The Evolution of Occult Spirituality in Victorian England and the Representative Case of Edward Bulwer-Lytton

Authored by: J. Jeffrey Franklin

The Ashgate Research Companion to Nineteenth-Century Spiritualism and the Occult

Print publication date:  July  2012
Online publication date:  March  2016

Print ISBN: 9780754669128
eBook ISBN: 9781315613352
Adobe ISBN: 9781317042280


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‘It was a dark and stormy night’ – as I choose to imagine it – the setting Knebworth, the Tudor-Gothic mansion and maternal ancestral seat of Edward Bulwer-Lytton, who, as he passed the ‘yellow room’, glanced in, thinking he might glimpse the ghost of the ‘fair-haired boy’ whom he insisted haunted that room. 1 1

I open with the now infamous opening clause of Edward Bulwer-Lytton, Paul Clifford, at: (accessed 13 July 2011). In this paragraph, I take the liberty of imaginatively condensing into a short period historical facts from Bulwer-Lytton’s biography that occurred over a longer timeframe. On the fair-haired boy’s ghost, see Leslie Mitchell, Bulwer Lytton: The Rise and Fall of a Victorian Man of Letters (London, 2003), p. 147.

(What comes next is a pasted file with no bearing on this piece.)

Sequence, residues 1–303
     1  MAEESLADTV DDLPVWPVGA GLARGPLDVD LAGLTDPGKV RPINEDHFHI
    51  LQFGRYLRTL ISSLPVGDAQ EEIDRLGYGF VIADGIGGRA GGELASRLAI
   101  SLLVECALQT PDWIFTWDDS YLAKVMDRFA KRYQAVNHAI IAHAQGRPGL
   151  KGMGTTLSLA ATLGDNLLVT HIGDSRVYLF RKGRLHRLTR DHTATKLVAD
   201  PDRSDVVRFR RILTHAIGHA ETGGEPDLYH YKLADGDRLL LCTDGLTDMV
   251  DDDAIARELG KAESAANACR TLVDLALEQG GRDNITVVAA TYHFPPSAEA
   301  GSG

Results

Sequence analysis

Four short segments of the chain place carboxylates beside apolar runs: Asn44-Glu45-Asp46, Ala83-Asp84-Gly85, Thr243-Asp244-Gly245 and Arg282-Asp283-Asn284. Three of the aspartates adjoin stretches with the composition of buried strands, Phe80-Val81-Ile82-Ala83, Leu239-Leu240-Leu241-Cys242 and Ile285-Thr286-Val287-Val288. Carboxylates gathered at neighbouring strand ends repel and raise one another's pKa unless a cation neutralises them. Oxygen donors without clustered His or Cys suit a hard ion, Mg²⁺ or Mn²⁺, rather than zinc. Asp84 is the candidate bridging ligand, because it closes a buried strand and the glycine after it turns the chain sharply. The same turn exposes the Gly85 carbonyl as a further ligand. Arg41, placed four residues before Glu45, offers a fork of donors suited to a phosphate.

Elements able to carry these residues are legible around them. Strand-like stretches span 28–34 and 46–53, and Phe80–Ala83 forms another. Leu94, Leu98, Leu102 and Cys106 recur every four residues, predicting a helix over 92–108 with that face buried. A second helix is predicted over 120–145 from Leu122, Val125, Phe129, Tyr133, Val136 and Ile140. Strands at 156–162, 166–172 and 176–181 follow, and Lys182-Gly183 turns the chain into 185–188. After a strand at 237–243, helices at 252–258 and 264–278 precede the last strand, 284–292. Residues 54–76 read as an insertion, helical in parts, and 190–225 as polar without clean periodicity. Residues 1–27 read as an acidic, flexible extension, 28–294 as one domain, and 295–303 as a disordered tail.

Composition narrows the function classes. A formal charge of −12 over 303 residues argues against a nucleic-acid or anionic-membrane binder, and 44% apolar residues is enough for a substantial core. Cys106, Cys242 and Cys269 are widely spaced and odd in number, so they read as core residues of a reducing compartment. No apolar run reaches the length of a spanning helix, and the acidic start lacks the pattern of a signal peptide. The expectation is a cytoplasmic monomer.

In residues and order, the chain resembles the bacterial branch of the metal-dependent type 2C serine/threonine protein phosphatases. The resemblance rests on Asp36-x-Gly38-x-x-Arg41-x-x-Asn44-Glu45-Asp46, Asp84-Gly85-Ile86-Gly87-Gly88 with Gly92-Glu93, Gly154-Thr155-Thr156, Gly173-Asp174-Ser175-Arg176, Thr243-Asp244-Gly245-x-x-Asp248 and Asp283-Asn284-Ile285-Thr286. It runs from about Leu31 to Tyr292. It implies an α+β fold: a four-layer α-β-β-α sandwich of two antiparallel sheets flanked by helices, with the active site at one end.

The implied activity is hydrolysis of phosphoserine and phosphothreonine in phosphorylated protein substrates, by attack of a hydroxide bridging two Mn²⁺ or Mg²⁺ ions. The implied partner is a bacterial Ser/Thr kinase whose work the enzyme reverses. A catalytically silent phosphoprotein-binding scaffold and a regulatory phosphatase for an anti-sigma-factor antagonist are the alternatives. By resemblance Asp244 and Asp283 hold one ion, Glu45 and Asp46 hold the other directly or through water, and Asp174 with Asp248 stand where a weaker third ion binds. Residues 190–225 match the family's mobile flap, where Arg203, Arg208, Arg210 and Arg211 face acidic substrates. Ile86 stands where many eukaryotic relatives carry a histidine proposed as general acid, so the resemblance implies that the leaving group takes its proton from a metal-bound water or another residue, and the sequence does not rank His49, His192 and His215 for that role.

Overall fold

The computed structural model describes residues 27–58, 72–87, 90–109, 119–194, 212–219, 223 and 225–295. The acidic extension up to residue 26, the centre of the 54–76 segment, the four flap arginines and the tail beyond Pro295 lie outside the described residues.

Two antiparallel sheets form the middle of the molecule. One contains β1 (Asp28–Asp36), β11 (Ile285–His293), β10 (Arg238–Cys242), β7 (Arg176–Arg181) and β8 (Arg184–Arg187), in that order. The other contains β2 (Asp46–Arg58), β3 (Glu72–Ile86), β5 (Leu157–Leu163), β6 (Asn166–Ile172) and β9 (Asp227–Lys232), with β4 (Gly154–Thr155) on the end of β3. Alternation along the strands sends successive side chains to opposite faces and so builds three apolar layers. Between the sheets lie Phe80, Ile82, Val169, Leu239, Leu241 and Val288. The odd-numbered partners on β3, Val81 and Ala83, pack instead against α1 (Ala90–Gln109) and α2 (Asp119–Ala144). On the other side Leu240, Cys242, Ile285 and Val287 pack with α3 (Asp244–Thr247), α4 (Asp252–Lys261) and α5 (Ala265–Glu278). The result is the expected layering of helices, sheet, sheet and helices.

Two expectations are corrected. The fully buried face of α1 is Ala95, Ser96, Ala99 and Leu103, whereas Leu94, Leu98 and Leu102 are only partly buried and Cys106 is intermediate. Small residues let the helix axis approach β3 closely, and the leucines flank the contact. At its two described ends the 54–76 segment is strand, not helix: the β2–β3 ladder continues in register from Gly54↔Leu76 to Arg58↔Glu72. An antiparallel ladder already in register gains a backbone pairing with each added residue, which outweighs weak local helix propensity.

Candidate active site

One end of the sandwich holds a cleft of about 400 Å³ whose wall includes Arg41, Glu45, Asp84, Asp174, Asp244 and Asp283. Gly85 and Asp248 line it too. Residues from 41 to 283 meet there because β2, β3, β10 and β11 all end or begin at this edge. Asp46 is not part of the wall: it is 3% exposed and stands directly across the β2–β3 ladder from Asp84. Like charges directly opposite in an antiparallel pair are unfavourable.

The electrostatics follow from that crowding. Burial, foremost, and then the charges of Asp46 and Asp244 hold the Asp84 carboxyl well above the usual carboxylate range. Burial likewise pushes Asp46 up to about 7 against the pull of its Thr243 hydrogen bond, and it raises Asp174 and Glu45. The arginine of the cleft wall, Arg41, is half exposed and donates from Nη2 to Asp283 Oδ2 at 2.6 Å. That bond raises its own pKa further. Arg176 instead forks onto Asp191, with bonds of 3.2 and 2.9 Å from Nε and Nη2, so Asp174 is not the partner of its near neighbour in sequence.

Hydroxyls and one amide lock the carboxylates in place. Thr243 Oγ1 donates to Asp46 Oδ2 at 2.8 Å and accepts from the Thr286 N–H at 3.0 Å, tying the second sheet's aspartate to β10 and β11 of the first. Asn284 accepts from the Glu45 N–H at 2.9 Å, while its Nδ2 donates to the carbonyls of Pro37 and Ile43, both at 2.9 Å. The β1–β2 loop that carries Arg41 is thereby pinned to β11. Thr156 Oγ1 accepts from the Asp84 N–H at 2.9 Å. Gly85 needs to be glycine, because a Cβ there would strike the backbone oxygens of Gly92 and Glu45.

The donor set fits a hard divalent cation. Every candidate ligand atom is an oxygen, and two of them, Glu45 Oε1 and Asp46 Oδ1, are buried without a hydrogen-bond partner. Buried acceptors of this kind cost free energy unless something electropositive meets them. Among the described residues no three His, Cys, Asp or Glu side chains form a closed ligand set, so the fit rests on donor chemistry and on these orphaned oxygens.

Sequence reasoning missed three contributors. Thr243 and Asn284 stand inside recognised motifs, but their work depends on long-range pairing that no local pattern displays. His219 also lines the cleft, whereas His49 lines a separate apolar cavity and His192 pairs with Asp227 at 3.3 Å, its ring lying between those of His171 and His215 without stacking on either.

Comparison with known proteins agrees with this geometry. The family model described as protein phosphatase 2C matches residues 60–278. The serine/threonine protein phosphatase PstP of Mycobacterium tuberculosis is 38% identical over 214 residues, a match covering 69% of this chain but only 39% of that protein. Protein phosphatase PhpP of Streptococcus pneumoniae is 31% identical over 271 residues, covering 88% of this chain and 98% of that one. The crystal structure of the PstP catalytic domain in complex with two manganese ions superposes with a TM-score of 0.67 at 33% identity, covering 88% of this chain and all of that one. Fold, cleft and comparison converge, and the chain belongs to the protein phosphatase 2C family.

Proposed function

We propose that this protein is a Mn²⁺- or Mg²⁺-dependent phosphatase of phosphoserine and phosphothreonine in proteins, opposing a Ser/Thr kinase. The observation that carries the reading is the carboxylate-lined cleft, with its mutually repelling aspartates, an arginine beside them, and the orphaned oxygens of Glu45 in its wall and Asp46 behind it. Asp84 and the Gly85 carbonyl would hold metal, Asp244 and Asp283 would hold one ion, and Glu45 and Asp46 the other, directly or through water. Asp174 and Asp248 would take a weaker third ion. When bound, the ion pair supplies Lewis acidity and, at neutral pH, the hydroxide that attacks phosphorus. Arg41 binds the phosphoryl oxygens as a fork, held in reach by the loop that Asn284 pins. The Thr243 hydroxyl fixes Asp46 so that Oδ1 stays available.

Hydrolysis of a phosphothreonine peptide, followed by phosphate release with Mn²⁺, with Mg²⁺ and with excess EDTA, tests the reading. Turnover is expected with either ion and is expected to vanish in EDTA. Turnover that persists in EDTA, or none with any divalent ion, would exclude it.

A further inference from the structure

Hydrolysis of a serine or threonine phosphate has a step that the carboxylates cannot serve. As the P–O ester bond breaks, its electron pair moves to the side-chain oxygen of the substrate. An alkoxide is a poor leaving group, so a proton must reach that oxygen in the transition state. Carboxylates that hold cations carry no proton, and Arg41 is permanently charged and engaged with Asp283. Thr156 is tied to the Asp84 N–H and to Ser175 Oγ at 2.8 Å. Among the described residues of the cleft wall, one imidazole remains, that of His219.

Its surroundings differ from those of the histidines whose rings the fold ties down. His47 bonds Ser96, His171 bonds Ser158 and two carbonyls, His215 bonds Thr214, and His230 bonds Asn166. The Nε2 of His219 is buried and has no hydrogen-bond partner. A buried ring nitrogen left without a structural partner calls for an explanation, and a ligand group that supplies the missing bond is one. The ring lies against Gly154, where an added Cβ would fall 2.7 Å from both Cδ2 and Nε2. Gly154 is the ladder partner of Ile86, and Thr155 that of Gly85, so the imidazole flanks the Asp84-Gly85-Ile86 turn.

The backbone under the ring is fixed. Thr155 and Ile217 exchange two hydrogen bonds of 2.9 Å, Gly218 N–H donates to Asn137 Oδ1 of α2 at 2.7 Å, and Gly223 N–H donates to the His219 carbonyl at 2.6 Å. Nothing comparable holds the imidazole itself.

On the previous day while in London, Bulwer-Lytton had taken his seat in Parliament, where he had exchanged observations, both political and literary, with his friend Benjamin Disraeli, beside whom he would serve in Lord Derby’s government as Secretary of State for the Colonies. 2 2

On Bulwer-Lytton’s twenty-three-year political career, see Mitchell, Bulwer Lytton, pp. 88, 133, 188–90 and 211. In short, Bulwer-Lytton’s politics, aesthetics and views on the occult coincided in that in all three arenas he professed himself a traditionalist or conservative and an elitist, believing always in aristocratic order, refined sensibility and adept knowledge. He opposed the materialism and progressivism of his age.